Yanks Need to Get Better by Getting Younger

yankees 1 Yanks Need to Get Better by Getting YoungerWith Brian Cashman now signed on to run baseball operations for the ailing New York Yankees through the 2011 season, the team will now turn its attention to starting another postseason streak. Fortunately for the Yankees, they have lots of money, and the holes they most need to address can be plugged with the free-agent market.

And if they do it right, those free agents best-suited for the Yankees will make the team younger in the process.

The Yankees need to start with targeting C.C. Sabathia. New York lacks a true number-one starter, though Joba Chamberlain, who appears ticketed for the rotation, should be close if he can provide New York with 200+ innings. But Sabathia, who has topped 240 innings each of the past two years, certainly has that capacity. The Yankees have badly needed a Game 1 starter—they can get one in Sabathia without giving up any minor league talent, just a pair of draft picks. He is a must-get.

While revamping the starting rotation, the Yankees should also make a strong play for Oliver Perez. Getting the lefty with upside gives New York a starting staff of Sabathia, Chamberlain, Chien-Ming Wang and Perez, with Phil Hughes and Ian Kennedy battling for the fifth spot. Not only would the group be one of the finest in the American League, check out the 2009 Opening Day ages: Sabathia 28, Chamberlain 23, Wang 29, Perez 27. That’s a foursome that could power Yankee playoff runs for years.

Another area in which the Yankees can get younger and stronger is at first base, by signing Mark Teixeira. The slugging first baseman just posted his second straight season with an OPS 50 percent better than league average, along with terrific defense at first base. He’d also be just 29 in 2009 (his birthday is in April), and provides the Yankees with an in-his-prime hitter to combine with Robinson Cano.

While these two players won’t come cheap—expect each to cost more than $20 million annually—they answer a pair of needs for the Yankees, and don’t even mean a net increase in payroll. After all, coming off the books would be Jason Giambi ($23.4 million), Andy Pettitte ($16 million), Bobby Abreu ($16 million), Mike Mussina ($11 million) and Carl Pavano ($11 million!!!). That’s $77 million right there—and even if New York brings back Abreu, which they should, that leaves $60-65 million to spend.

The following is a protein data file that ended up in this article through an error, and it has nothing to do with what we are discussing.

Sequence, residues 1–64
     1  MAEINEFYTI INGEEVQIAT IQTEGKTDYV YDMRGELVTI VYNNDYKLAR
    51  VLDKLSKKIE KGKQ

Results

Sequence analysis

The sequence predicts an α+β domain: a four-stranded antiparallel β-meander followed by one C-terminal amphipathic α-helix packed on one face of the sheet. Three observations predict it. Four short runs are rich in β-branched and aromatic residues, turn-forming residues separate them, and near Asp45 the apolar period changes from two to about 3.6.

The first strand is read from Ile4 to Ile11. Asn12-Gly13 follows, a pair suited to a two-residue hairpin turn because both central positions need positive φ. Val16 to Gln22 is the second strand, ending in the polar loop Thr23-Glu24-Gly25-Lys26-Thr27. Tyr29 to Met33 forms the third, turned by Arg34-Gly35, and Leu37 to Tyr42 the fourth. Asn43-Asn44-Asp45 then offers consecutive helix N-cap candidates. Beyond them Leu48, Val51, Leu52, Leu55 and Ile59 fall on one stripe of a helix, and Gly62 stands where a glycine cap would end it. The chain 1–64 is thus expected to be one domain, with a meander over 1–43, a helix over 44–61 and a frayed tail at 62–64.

The rest of the team doesn’t provide much room for change. It would be foolish to trade Robinson Cano coming off of his worst year as a professional—betting on a player with his natural talent as he enters his age-26 season would be wiser. With his defense, Cano is a net plus for the Yankees even when he struggles at the plate.

Obviously, A-Rod stays at third, and though he is quickly entering Cal Ripken Icon/Albatross status, Derek Jeter is your shortstop in 2009. With no young players at the position to push him, nor any obvious free-agent alternatives, this is an obvious choice.

In the outfield, the aforementioned Abreu is still plenty productive in right field. Signing a stopgap center fielder is possible, though it makes more sense to send Melky Cabrera back out there and see if he can grow into a productive hitter—he is still just 24 years old. Either way, that player is holding the fort for the talented Austin Jackson, who should be ready in 2010. Left field should be turned over to Xavier Nady, whose offensive production and passable defense provides a good placeholder. Hideki Matsui and Johnny Damon can spell Nady occasionally while providing a good bit of offense splitting time at designated hitter.

At catcher, the options are bleak. The hope has to be that Jorge Posada returns to form. A backup better than Jose Molina is a must. First choice? Javier Valentin.

As far as the bullpen goes, few changes are needed. The bullpen posted a 3.79 ERA, and much of the damage was done in the second half, when an overworked relief corps began to wear down. Should the rotation be upgraded as planned above, that fatigue should dissipate greatly. A combination of Mariano Rivera, Jose Veras, Edwar Ramirez, David Robertson, Phil Coke, and numerous other high-minors arms (such as Marc Melancon, who could be the eighth-inning pitcher) should be more than sufficient.

But it all depends on bringing in the three high-priced twenty-somethings: Sabathia, Perez and Teixeira. They are the infusion of youth and talent New York needs to get back on top.